Four hundred global experts on all aspects of the H5N1 strain of the highly pathogenic avian influenza virus (HPAI) met in the Italian city of Verona on 20-22 March 2007 for a conference entitled, ‘Vaccination: a tool for the control of avian influenza’. The meeting was organised jointly by the World Organisation for Animal Health (OIE), Food and Agriculture Organisation (FAO) and Istituto Zooprolifattico Sperimentale delle Venezie (IZSVe) and it was supported by the European Commission. The high levels of both organisers and participants demonstrated how seriously the world is taking the disease. In the current series of outbreaks since 2003, 50 countries have reported outbreaks of the disease – with most countries in Asia, Europe, Africa and the Middle East affected for at least a period of time. Of the 281 known cases of the virus infecting humans, 169 patients had died as the conference was taking place. The global poultry industry and international trade have already suffered significant setbacks.

Vaccination against HPAI was much used in the 1980s and early 1990s, although it was controversial even then. This was followed by a period with a general policy against vaccination but the early years of the new century brought many emergency situations and the international community began again to consider the use of vaccination as a method to control the emerging pandemic.

The case for vaccination

The location of the meeting was not coincidence, as Italy was struck by a previous round of HPAI from 1999, so the hosts were in a position to describe their own experiences. The Italian turkey industry was hit by several waves of the virus before it was finally eliminated. As she mentioned in the abstract of her paper, Dr Ilaria Capua of the IZSVe reminded the audience that vaccination against AI is a recommended tool to control the disease: it is known to increase the resistance of susceptible birds to infection and to reduce the number of viruses shed. It is important to recognise, however, that vaccination does not necessarily prevent infection, leaving vaccinated and infected flocks as a potential source for the perpetuation of infection.

In order to reduce the spread of infection in infected flocks, it is essential that vaccination strategies are implemented to enable ‘Differentiation of Infected from Vaccinated Animals’ (DIVA), Dr Capua asserted. This requires monitoring after vaccination so that vaccinated and exposed flocks can be identified and subjected to controlled marketing.

Types of vaccines

Several different types of vaccines against AI are available: these may be live or inactivated, homologous or heterologous. Homologous vaccines are made from the same strain as the pathogenic one circulating, i.e. H5N1 currently. Whilst offering theoretically the best protection, this type of product rules out the possibility of using the DIVA principle, since infected birds cannot be differentiated from vaccinated ones. Some examples of commercial vaccines are given in the table.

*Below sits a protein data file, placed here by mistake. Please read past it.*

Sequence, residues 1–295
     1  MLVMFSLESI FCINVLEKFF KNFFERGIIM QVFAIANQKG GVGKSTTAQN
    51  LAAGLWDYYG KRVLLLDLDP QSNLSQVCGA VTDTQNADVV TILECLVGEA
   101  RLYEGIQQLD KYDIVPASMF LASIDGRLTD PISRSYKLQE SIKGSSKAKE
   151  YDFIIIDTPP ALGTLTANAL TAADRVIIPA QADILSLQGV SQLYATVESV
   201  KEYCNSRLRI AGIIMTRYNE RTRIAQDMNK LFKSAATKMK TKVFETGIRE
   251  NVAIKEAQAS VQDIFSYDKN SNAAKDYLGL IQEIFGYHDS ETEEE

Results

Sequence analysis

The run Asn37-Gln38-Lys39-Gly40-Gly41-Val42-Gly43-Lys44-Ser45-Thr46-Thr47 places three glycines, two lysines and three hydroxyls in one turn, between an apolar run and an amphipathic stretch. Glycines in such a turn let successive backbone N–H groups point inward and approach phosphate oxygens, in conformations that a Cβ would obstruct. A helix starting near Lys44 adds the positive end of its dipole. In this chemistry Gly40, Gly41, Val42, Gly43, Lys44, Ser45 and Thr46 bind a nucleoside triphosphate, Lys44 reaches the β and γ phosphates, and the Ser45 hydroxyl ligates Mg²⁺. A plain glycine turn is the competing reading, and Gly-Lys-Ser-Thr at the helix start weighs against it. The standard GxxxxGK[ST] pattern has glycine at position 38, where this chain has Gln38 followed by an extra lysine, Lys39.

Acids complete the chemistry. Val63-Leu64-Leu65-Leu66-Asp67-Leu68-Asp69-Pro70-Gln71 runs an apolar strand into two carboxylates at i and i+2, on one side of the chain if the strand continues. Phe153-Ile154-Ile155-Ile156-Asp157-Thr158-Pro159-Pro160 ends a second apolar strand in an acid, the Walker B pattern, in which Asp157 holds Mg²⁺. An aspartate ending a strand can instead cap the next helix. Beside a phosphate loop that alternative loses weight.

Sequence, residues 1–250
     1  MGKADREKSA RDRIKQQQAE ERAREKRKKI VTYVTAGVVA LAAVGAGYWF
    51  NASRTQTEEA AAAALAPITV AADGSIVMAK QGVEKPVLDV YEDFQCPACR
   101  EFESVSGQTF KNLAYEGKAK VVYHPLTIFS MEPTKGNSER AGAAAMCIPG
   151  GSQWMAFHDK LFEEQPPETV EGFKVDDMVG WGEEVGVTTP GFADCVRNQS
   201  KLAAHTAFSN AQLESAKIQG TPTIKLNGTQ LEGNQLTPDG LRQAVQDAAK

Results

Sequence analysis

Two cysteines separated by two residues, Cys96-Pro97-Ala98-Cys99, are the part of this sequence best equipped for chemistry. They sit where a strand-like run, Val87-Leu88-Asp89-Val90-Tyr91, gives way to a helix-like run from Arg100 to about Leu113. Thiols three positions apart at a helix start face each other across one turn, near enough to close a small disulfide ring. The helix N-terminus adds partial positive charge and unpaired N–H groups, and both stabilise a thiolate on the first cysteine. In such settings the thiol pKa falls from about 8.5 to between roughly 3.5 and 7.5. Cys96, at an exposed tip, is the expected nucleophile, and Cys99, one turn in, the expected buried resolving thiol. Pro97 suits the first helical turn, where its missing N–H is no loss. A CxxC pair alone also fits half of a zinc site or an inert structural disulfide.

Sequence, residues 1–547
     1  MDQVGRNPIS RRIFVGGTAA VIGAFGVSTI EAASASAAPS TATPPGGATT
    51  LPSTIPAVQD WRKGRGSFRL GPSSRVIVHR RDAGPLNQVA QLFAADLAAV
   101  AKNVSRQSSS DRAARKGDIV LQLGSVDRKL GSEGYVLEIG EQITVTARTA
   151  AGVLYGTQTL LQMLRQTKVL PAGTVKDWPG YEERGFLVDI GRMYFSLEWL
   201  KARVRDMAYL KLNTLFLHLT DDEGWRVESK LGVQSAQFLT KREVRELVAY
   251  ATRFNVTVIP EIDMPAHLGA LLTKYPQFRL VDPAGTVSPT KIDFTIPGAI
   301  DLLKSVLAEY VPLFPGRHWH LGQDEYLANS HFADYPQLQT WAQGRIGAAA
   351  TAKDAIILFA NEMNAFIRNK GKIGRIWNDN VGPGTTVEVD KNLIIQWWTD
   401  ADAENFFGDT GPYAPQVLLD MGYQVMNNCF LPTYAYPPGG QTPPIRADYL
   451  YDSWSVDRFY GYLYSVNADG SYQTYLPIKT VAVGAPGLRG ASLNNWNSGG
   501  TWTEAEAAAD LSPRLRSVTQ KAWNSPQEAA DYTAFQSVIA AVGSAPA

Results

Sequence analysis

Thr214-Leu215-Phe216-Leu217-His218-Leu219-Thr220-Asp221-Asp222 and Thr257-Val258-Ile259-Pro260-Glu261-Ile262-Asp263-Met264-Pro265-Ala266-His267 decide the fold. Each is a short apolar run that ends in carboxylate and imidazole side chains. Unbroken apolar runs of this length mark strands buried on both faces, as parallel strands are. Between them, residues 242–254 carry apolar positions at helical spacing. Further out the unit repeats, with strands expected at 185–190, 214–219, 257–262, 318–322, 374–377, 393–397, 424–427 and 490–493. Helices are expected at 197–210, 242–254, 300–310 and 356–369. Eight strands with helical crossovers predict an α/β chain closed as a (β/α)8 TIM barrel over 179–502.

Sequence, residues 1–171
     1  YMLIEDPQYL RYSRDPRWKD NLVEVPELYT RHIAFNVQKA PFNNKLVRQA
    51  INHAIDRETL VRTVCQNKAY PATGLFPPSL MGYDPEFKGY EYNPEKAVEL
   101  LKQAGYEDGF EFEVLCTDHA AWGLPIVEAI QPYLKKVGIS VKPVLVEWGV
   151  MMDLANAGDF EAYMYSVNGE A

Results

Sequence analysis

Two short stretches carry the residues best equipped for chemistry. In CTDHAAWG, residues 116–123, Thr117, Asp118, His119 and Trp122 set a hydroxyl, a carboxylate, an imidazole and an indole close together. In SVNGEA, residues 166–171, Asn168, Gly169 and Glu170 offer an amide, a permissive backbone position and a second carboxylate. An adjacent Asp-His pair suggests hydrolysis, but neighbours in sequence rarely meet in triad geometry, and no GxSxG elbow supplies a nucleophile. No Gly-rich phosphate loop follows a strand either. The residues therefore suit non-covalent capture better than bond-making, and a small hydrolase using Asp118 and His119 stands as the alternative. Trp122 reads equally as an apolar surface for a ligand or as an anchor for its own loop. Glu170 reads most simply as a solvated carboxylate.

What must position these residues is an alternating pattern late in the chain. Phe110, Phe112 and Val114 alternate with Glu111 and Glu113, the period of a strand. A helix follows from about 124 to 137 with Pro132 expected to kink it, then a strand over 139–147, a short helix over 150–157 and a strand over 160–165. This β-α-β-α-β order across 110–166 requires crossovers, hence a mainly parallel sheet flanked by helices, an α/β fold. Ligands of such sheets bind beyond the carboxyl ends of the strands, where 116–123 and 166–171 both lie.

Some of the poultry vaccines used in the current outbreaks of H5N1

Product name


Vaccine strain


Nobilis Influenza H5




Trovac AIV-H5








Poulvac FluFend H5N3 RG

Fort Dodge


chickens, ducks

Gallimune Flu H5N9





Weike-Harbin (China)



Bivalent vaccines:




BioFlu H7N1-H5N9


H7N1, H5N9


Poulvac I AI H5N9-H7N1

Fort Dodge

H5N9, H7N1


Note: This is not an exhaustive list; the list of approved products for the different poultry species varies between countries.

There has also been activity to develop a combined vaccine, offering protection from AI and another disease, for example, Newcastle disease.

Countries and regions differ widely in the regulatory status of AI vaccines, and whether they are tested and approved for the various different domestic poultry species.

Locally manufactured vaccines are used widely in China and other parts of Asia, often on grounds of cost. At the Verona meeting, the delegate from China announced that the country was to change its policy and to start using a locally produced homologous vaccine in the next round of vaccinations.

On vaccines, several speakers emphasised the vital importance of a certified cold chain to supply vaccines to farm/village level. More information is needed on the useful life of the vaccine if that cold chain is broken.

There was a repeated call for vaccines to be available in smaller bottles more suitable for regions of small backyard flocks.


The case for stamping out